Patients with ARS are at approximately a 50% risk for the development of glaucoma, with a greater risk in cases where the peripheral iris is highly attached to the trabecular meshwork. ARS results from a developmental arrest of the anterior segment occurring during gestation. This developmental arrest causes incomplete posterior recession of the posterior uvea, and the anterior uvea is highly attached to the trabecular meshwork. Both the trabecular meshwork and Schlemm's canal develop incompletely. The developmental arrest results in the partial retention of primordial endothelial cells on the iris and in the iridocorneal angle. The retained endothelium creates iridocorneal strands and their contraction leads to changes in the iris, including corectopia and an iris hole [1,2]. All affected members in the case family had developed glaucoma in young adulthood.
Our patients presented with posterior embryotoxon, iris hypoplasia, iridocorneal adhesions, and advanced glaucoma in the clinical ophthalmic evaluation. No systemic abnormalities were identified during the clinical interviews, and a dental assessment carried out on all affected members found no dental or craniofacial anomalies.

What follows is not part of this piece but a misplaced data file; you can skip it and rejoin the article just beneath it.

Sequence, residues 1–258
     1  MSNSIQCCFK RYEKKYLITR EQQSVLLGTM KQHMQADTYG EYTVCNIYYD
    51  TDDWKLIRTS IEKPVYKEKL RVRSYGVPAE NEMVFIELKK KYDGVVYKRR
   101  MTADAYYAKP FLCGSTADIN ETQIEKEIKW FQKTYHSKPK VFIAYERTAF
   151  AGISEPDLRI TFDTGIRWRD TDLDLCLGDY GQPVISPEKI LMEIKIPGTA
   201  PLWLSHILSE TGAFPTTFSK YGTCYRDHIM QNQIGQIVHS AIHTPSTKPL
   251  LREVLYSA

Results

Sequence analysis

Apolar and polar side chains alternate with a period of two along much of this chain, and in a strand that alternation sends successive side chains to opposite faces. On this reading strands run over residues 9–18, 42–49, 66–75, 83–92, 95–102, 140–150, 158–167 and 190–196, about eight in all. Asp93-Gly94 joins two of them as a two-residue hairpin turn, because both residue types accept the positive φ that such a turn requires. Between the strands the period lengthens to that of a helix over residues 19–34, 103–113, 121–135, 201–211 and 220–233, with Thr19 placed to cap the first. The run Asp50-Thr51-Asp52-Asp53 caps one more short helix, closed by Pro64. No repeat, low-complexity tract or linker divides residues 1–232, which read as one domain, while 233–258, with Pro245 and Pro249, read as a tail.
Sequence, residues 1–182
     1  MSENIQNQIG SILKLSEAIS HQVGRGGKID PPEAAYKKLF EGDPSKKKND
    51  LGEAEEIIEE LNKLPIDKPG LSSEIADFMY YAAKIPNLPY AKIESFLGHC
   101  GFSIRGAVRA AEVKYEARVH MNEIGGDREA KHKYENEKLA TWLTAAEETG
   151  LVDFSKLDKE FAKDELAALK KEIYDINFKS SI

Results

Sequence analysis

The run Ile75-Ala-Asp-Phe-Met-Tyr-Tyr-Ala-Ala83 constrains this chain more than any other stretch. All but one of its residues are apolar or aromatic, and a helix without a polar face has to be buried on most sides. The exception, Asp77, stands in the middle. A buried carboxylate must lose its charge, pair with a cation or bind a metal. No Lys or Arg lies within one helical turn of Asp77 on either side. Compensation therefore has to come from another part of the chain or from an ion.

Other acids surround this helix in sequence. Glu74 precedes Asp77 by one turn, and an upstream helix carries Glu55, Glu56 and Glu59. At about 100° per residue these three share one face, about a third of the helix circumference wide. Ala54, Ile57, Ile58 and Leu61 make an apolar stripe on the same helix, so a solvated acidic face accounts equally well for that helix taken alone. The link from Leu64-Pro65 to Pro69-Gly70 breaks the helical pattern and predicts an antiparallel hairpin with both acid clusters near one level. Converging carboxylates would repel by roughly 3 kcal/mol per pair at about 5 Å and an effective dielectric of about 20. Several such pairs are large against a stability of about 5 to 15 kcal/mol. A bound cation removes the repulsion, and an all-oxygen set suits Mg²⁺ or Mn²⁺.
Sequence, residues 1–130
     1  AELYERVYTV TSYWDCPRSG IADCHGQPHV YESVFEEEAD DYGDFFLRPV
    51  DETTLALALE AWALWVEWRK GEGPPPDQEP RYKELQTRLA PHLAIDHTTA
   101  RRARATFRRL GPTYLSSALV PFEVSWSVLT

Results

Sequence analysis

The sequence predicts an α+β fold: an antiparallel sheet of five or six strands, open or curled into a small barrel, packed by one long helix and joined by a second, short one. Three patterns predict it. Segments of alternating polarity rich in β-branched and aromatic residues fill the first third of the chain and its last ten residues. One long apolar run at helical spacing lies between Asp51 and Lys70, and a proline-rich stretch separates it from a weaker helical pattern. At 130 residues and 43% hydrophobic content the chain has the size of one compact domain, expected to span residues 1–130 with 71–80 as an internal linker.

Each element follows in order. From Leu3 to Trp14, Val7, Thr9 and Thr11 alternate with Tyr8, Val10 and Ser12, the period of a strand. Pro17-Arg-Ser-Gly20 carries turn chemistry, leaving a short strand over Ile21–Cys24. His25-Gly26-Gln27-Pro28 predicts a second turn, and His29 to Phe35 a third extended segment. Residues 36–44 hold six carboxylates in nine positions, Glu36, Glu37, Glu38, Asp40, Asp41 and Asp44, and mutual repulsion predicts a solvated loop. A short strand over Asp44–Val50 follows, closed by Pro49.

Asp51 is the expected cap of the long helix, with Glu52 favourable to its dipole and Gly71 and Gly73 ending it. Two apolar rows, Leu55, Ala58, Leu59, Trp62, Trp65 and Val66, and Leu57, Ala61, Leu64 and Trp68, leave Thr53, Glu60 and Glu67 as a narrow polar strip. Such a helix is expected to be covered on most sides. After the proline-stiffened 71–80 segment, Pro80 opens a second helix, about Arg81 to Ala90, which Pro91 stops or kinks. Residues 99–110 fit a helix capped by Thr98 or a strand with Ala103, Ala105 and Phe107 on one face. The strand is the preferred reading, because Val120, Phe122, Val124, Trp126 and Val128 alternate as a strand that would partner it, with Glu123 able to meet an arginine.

In our case, four affected members of a family showed a mutation in the FOXC1 gene, affecting the coding region of the evolutionarily conserved forkhead DNA-binding domain. To date, 46 cases of mutations in FOXC1 in people with ARS have been reported [7]. Recently, a novel c.317delA mutation in FOXC1 was detected in a Korean family [8]. Our case family presented with two mutations. One, c.1362_1364insCGG, results in a frameshift and amino acid change, p.Gly452fs. The other, c.1142_1144insGGC, also results in a frameshift and amino acid change, p.Gly379fs. Patients II-3, II-5, II-8, and III-2 in our case family had the same mutation, c.1362_1364insCGG, but each member showed a different phenotype. Iris hole was only manifested in patient II-8. Retinal detachment was only manifested in patient II-5. Even patient II-3 had no history of ocular surgery and does not have glaucoma. Patients I-1 and II-8 share the c.1142_1144insGGC mutation. Patient I-1 developed phthisis spontaneously.